I am not going to speculate on Official Opposition and NDP Leader Jack Layton’s cancer and condition because the timing of his announcement reminds me too much of the timing of my own catastrophe that it overwhelms other thoughts.
It is awful and frightening when you receive a troubling diagnosis; it is shocking enough when you’re trucking along and either a couple of bad drivers hit you or your doctor sits you down to tell you have cancer. But when you are at the point of achieving your greatest goal — or in Jack’s case having reached it and being placed to reach further — there is something intensely grieving about receiving that kind of news. One moment, you are happy, laughing, loving each day, anticipating with excitement the fulfillment of all your work; the next, you’re facing the death of your dream, and in Jack’s case, perhaps his very life. It is a devastating fall. And the grief both drives you to get better and infects your every moment. The grief rocks your world and rolls your emotions from anger to bawling. Over the long term, it buries hope.
But Jack is probably going to have a relatively short fight, given the nature of cancer; it’s easier to keep up the spirit over months or a few years of active work-interfering treatment than years and years and years. Being a politician, he also has a well of hope that never runs out. For decades, he has faced constant rejection and ridicule from naysayers and political enemies until after this election victory, yet the well of his hope and optimism only became deeper. He has close support in his family and friends and a net of well wishers from one end of Canada to the other, from the south to the north, lifting and holding him up. He will not lose hope, and he is a determined man. I hope for him, and for us, that his dream, that the pursuit of his ultimate achievement will not be derailed.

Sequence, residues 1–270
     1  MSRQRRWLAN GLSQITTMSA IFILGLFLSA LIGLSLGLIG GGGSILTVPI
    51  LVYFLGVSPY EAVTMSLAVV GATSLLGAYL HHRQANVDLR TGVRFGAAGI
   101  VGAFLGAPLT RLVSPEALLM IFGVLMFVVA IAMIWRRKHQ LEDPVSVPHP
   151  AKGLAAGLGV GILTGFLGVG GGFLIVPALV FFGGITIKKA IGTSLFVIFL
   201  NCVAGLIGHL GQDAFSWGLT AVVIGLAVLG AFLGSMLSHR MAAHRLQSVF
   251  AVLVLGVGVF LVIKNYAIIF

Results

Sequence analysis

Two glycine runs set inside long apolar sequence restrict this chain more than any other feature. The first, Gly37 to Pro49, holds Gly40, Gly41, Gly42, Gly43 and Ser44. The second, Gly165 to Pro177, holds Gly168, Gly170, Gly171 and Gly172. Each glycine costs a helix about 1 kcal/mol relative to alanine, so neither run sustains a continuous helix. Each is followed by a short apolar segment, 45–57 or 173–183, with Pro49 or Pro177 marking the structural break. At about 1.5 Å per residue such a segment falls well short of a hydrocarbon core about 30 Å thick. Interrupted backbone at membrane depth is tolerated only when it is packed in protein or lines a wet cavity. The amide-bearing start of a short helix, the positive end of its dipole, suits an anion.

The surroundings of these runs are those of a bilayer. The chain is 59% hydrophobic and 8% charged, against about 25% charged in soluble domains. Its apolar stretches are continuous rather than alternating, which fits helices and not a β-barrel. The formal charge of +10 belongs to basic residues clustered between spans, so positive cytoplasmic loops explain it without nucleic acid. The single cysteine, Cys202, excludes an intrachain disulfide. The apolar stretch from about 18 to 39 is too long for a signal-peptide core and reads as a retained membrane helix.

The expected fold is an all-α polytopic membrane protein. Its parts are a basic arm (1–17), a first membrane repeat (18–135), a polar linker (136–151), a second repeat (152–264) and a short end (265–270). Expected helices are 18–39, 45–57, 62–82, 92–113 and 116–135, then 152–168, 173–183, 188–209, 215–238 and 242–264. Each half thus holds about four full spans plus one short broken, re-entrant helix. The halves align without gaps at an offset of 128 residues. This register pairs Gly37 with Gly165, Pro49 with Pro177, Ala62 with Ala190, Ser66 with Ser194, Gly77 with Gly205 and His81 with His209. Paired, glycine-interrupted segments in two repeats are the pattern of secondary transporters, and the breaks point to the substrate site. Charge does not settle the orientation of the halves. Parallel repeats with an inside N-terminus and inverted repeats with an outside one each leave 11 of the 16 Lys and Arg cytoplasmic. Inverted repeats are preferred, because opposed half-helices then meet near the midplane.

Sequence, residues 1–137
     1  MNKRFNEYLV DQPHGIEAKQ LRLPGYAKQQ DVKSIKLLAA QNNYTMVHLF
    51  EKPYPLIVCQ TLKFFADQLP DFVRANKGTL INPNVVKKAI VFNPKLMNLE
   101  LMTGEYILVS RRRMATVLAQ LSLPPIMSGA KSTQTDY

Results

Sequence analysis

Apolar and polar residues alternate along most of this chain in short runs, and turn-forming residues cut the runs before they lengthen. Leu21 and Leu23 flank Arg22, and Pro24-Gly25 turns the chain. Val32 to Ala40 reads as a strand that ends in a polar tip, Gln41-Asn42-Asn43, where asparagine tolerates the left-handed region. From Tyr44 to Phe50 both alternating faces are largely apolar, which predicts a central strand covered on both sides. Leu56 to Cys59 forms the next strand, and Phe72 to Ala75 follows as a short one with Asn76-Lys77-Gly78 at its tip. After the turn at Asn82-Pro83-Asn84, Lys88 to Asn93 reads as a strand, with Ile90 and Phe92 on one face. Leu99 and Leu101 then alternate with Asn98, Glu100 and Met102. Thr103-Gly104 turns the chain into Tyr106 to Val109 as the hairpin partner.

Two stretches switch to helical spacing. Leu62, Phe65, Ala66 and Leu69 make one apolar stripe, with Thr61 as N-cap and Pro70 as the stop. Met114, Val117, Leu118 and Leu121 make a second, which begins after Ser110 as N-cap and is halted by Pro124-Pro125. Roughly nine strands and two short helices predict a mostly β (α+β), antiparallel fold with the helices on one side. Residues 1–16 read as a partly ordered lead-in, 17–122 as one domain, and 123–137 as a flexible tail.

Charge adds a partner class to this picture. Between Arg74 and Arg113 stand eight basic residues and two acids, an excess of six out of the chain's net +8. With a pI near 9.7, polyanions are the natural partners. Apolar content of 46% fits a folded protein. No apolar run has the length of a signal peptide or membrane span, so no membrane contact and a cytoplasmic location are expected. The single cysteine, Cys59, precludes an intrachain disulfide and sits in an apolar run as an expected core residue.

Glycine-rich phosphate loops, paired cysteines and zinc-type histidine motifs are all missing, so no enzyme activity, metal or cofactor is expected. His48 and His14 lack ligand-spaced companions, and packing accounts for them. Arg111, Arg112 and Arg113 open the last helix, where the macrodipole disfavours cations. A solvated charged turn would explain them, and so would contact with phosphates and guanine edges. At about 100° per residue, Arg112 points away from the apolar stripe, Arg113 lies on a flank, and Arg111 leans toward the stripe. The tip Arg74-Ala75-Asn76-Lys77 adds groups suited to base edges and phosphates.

It’s almost 2:00 am as I begin to write this, the morning of May 3rd, and I’m watching the local election results and now the BC election results on CBC. It’s been one of those elections that are so unexpected that even though I’m not happy with the Conservative Party majority, I’m finding it hard to wind down. I blame Twitter.
I’ve never had an election experience like this before. Usually, in the weeks leading up to the election, I read the papers, I watch the short TV news stories, and in the last one, I also followed opinions on Twitter. Then on election day, I watch the results on TV and have short convos with people I know in real life about the results. Ho hum.
This year was different. First so many reporters came onto Twitter and live tweeted events, shared pix, cracked wise or trivial — that they gave me an inside picture of the leaders’ campaigns I’d never seen before. It was relevatory and fun, especially when the unthinkable happened — the Orange Crush. And second, so many more people were tweeting about the election today than have done so before (at least that was my impression) that it truly felt like I was part of the entire country. I saw results come from Newfoundland and Atlantic Canada in real time, not as a 2-second clip prior to the Ontario and Québec results being released. I got a glimpse into the electoral map on our east coast in a personal way. And it made me feel closer to that part of the country. The same with British Columbia. In fact, seeing Canadians in east and west opining on national and their own local results caused me to notice the absence of those in the North tweeting their territorial results.